The Quarterly of the Texas State Historical Association, Volume 8, July 1904 - April, 1905 Page: 50

50 Texas Historical Association Quarterly.
The Padre Fray Mariano de los Dolores, who was the center of
all the events which had occurred since the year [17]46, gave report
in the year [17] 521 that the Apaches were anxiously seeking to be
brought into missions; and for the purpose he suggested that the
Presidio of San Antonio de Vexar be removed to a site not far dis-
tant, which they call de los Pedernales.
This removal was rendered difficult by the citizens of the Villa
of San Fernando, who represented the helpless condition in which
they would be left. When the plans of the Padre Fray Mariano
were thus frustrated, he took occasion to attribute the frightful
condition of the [Presidio] of San Xavier to the violent death of
the missionary Padre Gonzabal, saying that since then the territory
had been filled with infection, and the rivers dried up; that the
pools emitted a foul odor; and that even up to the heavens the pun-
ishment of that sacrilegious crime was being announced by portents
in no wise common. He asked, finally, that the Presidio of San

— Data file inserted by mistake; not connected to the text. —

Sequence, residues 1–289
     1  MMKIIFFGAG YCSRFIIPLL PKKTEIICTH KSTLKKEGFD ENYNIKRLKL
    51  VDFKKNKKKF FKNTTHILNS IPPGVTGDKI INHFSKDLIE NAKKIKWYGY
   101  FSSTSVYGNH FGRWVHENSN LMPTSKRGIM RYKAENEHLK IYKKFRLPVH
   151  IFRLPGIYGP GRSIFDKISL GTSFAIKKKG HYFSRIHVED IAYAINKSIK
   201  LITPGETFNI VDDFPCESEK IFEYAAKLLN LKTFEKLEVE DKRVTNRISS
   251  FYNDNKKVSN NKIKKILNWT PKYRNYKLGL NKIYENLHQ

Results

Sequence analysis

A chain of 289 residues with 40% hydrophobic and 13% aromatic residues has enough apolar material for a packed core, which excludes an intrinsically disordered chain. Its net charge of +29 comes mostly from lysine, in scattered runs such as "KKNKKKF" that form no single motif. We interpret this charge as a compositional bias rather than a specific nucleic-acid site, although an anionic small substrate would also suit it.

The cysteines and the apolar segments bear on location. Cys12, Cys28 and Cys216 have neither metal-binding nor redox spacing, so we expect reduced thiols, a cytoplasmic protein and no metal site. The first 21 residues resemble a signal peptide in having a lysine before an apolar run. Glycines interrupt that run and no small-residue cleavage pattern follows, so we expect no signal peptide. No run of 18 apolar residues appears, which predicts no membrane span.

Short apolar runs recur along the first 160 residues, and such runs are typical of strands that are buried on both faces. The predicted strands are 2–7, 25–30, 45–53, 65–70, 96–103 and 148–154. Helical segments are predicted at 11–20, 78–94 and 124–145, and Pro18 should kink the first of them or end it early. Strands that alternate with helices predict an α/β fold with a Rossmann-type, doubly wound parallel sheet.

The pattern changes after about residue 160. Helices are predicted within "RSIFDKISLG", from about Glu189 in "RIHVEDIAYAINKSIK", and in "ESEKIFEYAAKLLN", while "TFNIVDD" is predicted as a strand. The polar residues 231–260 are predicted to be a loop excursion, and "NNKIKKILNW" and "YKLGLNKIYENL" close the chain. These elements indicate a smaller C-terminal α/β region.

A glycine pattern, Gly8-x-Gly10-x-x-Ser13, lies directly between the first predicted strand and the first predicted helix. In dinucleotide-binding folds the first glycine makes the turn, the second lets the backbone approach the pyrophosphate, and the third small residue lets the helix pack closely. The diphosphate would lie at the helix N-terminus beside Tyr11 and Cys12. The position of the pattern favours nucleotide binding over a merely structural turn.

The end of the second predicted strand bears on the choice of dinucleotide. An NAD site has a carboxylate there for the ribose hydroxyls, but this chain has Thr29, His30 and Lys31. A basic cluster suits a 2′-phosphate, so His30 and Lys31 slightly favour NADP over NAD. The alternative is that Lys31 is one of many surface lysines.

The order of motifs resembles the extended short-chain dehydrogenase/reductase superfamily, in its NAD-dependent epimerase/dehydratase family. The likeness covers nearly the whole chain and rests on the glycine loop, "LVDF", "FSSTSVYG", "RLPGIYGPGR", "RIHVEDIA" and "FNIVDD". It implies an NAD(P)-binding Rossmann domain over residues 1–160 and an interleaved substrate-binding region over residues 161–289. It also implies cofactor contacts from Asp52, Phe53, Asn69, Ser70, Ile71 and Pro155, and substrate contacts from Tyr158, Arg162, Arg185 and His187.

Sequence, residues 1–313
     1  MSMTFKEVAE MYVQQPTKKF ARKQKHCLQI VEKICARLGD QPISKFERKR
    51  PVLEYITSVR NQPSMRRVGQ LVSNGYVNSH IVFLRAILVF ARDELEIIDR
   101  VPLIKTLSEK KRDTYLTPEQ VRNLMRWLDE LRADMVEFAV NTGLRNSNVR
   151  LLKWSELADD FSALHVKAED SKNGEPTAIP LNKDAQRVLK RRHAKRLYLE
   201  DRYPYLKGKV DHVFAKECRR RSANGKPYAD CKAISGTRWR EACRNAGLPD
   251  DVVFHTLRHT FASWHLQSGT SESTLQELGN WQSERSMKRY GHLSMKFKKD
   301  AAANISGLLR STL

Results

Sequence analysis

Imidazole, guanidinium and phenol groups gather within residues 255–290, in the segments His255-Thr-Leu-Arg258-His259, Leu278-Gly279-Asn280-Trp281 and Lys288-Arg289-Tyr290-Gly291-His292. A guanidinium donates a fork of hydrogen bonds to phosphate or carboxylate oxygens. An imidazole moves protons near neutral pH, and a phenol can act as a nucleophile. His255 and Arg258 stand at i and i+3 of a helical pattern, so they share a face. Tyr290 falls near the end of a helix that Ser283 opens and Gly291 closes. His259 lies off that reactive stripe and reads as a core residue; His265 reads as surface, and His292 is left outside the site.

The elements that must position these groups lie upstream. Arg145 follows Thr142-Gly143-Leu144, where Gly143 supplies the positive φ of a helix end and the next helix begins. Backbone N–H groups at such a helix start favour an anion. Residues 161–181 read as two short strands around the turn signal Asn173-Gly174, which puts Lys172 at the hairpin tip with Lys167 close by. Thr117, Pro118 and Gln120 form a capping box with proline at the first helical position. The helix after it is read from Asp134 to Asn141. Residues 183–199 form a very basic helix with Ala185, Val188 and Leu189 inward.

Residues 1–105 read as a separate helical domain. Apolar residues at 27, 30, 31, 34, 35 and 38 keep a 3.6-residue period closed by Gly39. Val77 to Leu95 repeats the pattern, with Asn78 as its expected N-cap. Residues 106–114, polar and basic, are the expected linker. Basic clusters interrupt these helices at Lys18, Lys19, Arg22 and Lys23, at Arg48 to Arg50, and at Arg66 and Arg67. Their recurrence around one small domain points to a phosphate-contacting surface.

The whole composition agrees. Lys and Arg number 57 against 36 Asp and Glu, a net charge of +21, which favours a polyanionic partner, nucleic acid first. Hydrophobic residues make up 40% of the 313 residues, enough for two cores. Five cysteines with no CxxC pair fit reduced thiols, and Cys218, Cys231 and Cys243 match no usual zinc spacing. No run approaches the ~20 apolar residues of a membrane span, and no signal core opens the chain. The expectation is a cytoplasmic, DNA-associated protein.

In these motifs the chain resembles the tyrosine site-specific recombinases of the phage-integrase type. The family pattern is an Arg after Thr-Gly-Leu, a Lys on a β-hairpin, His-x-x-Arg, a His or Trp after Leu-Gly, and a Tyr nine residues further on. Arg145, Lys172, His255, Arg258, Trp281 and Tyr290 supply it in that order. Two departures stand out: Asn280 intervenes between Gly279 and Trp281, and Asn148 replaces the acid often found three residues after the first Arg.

Xavier be removed to the banks of the Guadalupe River, or of the
San Marcos, which on repeated occasions he had spoken of as per-
nicious and impracticable for this purpose.
The College of the Holy Cross of Queretaro supported these
plans, and [so did] Captain Don Pedro de Rabago. The latter ex-
pressed the opinion that the Apaches were docile Indians, and capa-
ble of being converted; that it would be expedient to gather them
into San Sabas as the center of the Apache country; that it was
necessary to abandon the site of San Javier, and garrison the new
Presidio *of San Savas* with a hundred men; and that the, few con-
verted Indians should be brought into the missions contiguous to
San Antonio de Vexar.
To make this vast project more feasible, he showed also that the
royal treasury would incur no greater expense, since the extra num-
ber of men could- be taken from such presidios as would not need
their full quotas. Finally, he made apparent the advantage of
[the fact] that by these means the conversion of the numerous
Comanche nation would be accomplished, that communication
would be opened with Nuebo Mexico, Coaguila, and Leon, and that
all the hostilities of the Indians would stop, the whole country
entering upon a tranquil peace. These suggestions had the desired

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Texas State Historical Association. The Quarterly of the Texas State Historical Association, Volume 8, July 1904 - April, 1905, periodical, 1905; Austin, Texas. ( accessed March 29, 2017), University of North Texas Libraries, The Portal to Texas History,; crediting Texas State Historical Association.